Regardless of how this election turned out, please be thankful for what you have. The election may or may not have turned out the way you had hoped. But you know what, you still have basic freedoms that people living in other parts of the world may never even dream of!

I am so thankful that this election is over. It has been so disappointing to read all of the fighting, bickering, complaining, disrespect and hatred! I hope that everyone can move on, respect others’ opinions and get respect in return.

Please remember: You are blessed, you are fortunate, you are lucky, you are American.

Be thankful.

 





Summer Summary

2 11 2012

So sorry! Its been way too long since I last blogged. I have been very busy, doing a lot of traveling around Ethiopia for various reasons. I wanted to let you all in on what I’ve been up to over the past few months.

My ‘summer’ started in June. We had a new group of Education volunteers come in to country to begin their Pre-Service Training. I was asked to help with their training since school was out in my community. I provided many technical trainings, sharing my experiences of working in the Ethiopian Education System and sharing resources and ideas that the new volunteers could use during their service.

During the summer, I also represented PSN (peer support network) in a few trainings. PSN is a committee comprised of peer elected representatives whose role is to empower other PCVs & trainees by supporting their emotional needs and diverse backgrounds.  It is absolutely one of my favorite parts of my Peace Corps service so far. I get to spend a lot of time with new volunteers, answering questions and giving advice during their first few months in country. I also write encouraging letters, make phone calls and go to visit other Volunteers to keep their morale up. In September, I was elected as President of PSN. As President, I will be the point person between our committee and the Peace Corps Office in the capitol city, schedule and lead meetings and trainings, ensure PSN members adhere to standard of conduct, and more. I am very excited about the opportunity to serve other Volunteers in Ethiopia.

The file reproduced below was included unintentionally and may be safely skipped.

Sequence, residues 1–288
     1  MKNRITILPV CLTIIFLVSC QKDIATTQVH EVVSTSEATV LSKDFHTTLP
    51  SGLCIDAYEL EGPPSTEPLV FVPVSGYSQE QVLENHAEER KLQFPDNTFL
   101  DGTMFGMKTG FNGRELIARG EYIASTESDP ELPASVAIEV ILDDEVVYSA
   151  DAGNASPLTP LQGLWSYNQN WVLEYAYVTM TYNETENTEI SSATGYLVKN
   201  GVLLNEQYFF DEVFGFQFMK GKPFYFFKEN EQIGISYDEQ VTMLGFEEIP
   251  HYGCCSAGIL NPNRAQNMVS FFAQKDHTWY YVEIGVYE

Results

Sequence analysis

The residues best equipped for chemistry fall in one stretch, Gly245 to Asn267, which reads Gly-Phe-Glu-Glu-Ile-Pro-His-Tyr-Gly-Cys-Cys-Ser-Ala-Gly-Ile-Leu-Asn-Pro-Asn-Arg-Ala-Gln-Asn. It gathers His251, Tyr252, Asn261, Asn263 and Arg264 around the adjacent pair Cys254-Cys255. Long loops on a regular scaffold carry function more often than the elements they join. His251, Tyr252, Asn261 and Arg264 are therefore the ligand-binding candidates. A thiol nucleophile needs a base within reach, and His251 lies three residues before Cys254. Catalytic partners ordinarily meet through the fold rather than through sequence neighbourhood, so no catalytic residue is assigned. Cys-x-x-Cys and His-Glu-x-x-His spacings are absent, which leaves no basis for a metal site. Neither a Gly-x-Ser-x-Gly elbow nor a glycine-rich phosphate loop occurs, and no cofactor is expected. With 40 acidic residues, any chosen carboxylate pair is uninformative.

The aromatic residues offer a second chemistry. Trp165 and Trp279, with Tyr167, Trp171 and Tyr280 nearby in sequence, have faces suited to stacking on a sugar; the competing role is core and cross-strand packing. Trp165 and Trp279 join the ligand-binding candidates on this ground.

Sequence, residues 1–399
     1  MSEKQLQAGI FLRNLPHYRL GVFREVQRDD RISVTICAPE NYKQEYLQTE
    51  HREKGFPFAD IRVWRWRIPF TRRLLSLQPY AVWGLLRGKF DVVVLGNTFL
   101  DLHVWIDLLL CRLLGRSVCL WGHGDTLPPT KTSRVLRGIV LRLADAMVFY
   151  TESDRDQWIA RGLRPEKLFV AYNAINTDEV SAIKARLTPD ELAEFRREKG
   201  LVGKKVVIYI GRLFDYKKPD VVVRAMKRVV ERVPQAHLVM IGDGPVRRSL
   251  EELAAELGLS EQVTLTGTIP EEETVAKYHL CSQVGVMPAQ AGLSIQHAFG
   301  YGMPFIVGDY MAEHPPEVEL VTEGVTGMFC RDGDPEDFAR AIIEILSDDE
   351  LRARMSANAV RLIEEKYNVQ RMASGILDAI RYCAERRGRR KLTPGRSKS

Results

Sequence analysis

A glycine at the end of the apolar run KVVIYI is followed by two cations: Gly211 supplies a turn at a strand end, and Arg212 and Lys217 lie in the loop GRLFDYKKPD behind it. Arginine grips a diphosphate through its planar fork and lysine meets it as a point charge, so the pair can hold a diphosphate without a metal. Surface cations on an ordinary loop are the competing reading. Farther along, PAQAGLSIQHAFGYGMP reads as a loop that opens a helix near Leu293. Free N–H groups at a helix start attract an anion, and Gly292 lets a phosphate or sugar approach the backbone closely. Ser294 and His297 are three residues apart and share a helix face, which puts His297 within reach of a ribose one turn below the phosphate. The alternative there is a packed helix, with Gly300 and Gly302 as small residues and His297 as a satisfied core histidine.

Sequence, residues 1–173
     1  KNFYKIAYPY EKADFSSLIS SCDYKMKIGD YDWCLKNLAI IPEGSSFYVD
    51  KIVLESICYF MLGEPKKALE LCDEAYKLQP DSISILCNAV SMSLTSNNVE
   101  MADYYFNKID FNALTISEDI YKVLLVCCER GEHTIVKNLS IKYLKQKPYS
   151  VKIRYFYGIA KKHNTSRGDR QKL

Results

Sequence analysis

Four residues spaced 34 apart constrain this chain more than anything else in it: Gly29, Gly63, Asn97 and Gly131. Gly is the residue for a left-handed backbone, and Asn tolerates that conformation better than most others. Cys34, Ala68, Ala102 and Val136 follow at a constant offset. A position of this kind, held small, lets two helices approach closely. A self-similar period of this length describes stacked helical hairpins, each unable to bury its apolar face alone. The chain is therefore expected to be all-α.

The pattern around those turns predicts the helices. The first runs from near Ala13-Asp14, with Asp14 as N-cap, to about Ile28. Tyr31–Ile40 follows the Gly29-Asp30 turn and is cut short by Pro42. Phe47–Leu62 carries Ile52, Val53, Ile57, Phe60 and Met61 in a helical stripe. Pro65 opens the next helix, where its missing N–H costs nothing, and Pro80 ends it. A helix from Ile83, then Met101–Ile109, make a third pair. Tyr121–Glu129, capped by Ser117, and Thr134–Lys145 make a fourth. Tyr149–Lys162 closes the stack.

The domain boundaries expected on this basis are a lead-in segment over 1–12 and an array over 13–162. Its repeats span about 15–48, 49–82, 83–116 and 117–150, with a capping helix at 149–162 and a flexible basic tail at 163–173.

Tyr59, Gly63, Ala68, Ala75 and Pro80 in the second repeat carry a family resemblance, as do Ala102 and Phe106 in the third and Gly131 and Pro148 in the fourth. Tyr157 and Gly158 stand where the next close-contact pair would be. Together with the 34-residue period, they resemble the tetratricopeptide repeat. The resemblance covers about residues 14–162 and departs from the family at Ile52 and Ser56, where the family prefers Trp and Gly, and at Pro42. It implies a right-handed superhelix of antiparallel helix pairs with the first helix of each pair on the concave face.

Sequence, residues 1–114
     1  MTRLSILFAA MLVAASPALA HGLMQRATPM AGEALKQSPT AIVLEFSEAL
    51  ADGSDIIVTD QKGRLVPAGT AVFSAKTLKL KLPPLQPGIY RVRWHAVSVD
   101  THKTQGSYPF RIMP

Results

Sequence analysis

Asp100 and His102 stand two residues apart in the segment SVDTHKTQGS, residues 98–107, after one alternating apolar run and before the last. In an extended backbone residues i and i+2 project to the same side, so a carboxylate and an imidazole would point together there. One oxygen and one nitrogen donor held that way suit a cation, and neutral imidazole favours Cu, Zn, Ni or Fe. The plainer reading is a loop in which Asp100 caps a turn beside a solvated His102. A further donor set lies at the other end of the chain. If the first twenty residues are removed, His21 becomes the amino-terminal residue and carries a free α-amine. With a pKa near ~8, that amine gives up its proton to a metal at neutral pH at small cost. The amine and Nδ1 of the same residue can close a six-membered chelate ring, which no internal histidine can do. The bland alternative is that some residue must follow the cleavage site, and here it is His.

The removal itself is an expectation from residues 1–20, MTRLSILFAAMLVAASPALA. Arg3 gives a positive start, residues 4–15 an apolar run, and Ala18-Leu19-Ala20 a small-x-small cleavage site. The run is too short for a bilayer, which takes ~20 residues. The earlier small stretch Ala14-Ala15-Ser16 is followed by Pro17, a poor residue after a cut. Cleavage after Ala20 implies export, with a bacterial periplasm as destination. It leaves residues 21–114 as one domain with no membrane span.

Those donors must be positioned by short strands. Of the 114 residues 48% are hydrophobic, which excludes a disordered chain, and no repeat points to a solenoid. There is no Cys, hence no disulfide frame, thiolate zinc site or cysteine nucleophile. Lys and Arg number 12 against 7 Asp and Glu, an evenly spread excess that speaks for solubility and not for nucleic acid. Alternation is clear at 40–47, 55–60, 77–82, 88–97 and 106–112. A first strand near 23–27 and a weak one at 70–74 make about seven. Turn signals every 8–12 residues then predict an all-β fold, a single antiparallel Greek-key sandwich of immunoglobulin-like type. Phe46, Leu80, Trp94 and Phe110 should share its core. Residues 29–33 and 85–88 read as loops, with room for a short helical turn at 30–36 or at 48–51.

Another big activity that went on this summer was Summer Camp. Tigray Summer Camp 2012 was held in my town of Wukro. We had 35 high school students, age 13-18, come together to learn to lead others. Me and 15 other volunteers from my region of Tigray taught kids important information on health education, specifically about HIV/AIDS, environmental education, leadership and teamwork, gender equality, and more. It was traditional ‘summer camp’ style, with the campers sleeping in dorms, being a part of a team, playing games, and having fun. And of course, we ended everything with a campfire and s’mores! We were all exhausted after the 8 day event, but it was worth it to see the kids’ knowledge, skills, and confidence shoot through the roof over the course of the week.

 

Since school doesn’t start in Ethiopia until October I took a ‘vacation’ around Ethiopia. I started out visiting the historical city of Axum. Axum was one of the first colonies of Ethiopia, dating back more than a thousand years. It is one of the most popular tourist sites in Ethiopia.

After Axum, me and 2 other Volunteers visited another historical city called Gondar. Gondar is home to the Ethiopian empire’s castles of the 17th and 18th century. The history behind the set of castles is fascinating. And it is amazing that they are still standing today.